Avaricious and Envious, The Aesopic fable found in various collections throughout the world. Two neighbors came before Zeus and asked him to grant their hearts’ desire. One was full of avarice, and the other was eaten up with envy. To punish them both, Zeus granted that each might have whatever he wished for himself, but only on condition that his neighbor had twice as much. The avaricious man prayed to have a room full of gold. No sooner said than done, but all of his joy was turned to grief when he found that his neighbor had two rooms full of the precious metal. Then came the turn of the envious man, who could not bear to think that his neighbor had any joy at all. So he prayed that he might have one of his own eyes put out, by which means his neighbor would be made totally blind. Moral: Vices are their own punishment. This is one of the most popular Aesopic fables. It occurs in the Indian collection The Panchatantra and in various collections of the Middle Ages. It is told by Hans Sachs, the German poet and dramatist of the 16th century, and by John Gower, the English poet and friend of Chaucer, in his Confessio Amantis (book 2:2).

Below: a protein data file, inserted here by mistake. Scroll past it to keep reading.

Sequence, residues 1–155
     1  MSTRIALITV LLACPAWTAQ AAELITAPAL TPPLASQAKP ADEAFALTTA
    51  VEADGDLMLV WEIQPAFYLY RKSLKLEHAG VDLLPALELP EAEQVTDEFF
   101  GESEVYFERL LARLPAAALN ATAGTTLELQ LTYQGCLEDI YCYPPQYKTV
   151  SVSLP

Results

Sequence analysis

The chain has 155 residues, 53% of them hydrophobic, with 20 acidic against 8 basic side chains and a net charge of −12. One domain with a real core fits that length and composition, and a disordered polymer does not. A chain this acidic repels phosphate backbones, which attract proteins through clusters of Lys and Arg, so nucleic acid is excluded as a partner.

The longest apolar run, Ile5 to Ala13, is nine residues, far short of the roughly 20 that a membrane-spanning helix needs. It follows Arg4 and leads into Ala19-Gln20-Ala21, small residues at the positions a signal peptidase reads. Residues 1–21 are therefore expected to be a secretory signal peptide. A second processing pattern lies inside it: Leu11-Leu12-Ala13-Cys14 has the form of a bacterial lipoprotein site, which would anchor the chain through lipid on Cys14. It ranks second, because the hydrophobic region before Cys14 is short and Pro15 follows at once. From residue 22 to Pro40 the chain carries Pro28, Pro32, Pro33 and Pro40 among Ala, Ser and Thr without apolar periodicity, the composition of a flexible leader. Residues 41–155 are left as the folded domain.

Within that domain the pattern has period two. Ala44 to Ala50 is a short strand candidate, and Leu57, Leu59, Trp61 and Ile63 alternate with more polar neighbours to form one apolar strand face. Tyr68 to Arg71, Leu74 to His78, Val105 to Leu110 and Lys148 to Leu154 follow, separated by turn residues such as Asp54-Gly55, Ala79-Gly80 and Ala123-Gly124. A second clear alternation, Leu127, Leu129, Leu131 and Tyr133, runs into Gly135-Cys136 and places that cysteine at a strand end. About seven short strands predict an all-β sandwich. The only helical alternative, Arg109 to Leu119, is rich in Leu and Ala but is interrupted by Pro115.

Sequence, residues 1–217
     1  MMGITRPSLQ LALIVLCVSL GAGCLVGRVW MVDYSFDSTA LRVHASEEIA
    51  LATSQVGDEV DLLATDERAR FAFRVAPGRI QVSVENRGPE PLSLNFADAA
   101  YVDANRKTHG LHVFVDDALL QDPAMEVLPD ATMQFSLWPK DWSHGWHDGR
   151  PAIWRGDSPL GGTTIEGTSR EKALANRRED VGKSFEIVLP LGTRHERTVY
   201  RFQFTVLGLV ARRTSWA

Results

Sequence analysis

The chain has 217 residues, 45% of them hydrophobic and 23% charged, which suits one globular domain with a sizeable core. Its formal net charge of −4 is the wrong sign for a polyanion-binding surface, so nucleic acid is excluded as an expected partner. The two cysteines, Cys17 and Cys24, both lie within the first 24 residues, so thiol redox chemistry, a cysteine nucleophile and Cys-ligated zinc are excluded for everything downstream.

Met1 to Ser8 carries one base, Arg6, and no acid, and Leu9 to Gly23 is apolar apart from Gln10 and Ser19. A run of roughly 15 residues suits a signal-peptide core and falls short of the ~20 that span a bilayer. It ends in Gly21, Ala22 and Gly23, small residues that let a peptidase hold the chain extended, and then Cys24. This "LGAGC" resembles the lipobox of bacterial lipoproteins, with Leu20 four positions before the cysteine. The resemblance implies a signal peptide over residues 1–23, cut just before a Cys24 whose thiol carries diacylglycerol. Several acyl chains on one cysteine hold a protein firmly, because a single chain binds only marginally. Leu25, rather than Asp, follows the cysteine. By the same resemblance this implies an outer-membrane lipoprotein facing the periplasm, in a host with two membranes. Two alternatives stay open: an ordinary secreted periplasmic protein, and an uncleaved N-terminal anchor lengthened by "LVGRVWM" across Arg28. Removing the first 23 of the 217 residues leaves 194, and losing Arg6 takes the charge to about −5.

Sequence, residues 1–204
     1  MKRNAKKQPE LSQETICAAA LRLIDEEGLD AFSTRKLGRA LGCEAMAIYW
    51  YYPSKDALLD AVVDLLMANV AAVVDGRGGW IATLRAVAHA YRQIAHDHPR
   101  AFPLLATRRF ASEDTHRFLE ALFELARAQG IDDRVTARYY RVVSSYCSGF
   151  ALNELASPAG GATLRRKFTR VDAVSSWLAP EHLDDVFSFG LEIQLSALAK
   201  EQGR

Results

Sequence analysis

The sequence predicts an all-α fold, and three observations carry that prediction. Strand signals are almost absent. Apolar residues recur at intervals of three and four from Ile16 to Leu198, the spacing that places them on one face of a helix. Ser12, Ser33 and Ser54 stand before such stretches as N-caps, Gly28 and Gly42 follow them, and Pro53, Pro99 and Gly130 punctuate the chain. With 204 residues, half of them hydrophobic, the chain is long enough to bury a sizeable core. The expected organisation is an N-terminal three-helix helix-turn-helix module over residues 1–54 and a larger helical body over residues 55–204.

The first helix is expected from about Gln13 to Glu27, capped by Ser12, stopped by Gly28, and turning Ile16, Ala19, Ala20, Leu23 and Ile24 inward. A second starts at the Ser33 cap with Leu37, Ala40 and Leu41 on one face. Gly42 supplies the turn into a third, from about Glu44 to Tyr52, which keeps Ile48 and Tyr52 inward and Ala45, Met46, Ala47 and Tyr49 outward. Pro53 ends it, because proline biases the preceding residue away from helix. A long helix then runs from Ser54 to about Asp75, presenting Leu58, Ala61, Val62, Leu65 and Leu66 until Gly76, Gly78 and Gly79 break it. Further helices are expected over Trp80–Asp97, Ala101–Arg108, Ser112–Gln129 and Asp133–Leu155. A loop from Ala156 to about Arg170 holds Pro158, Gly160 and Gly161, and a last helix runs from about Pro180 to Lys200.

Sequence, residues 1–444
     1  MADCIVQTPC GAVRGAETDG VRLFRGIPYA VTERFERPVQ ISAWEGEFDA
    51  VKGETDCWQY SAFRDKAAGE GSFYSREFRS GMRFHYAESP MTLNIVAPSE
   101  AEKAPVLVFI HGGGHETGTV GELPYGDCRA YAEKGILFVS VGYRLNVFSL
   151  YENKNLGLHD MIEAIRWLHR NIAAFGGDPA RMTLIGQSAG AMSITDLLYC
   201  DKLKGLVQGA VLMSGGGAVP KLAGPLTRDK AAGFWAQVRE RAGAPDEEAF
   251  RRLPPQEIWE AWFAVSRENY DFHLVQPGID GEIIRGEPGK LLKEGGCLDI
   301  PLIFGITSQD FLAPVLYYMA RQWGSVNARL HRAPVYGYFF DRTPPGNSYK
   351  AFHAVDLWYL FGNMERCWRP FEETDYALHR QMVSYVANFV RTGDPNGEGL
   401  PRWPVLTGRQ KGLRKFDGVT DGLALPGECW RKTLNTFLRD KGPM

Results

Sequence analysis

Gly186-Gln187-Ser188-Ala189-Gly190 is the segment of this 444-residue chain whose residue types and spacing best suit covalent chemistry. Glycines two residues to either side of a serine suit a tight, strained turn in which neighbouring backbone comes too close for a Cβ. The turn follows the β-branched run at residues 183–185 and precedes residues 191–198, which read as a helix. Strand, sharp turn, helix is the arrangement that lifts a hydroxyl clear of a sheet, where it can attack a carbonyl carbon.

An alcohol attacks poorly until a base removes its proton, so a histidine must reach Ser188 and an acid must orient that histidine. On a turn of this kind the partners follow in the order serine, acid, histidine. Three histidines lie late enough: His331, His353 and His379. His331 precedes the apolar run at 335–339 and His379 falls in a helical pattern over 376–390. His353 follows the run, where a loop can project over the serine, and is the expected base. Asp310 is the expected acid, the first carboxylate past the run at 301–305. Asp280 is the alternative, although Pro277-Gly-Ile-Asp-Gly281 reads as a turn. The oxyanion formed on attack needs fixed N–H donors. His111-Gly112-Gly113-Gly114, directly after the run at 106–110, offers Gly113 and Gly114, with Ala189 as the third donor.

Encyclopedia of World Mythology and Legend, Third Edition – Written by Anthony S. Mercatante & James R. Dow – Copyright © 2009 by Anthony S. Mercatante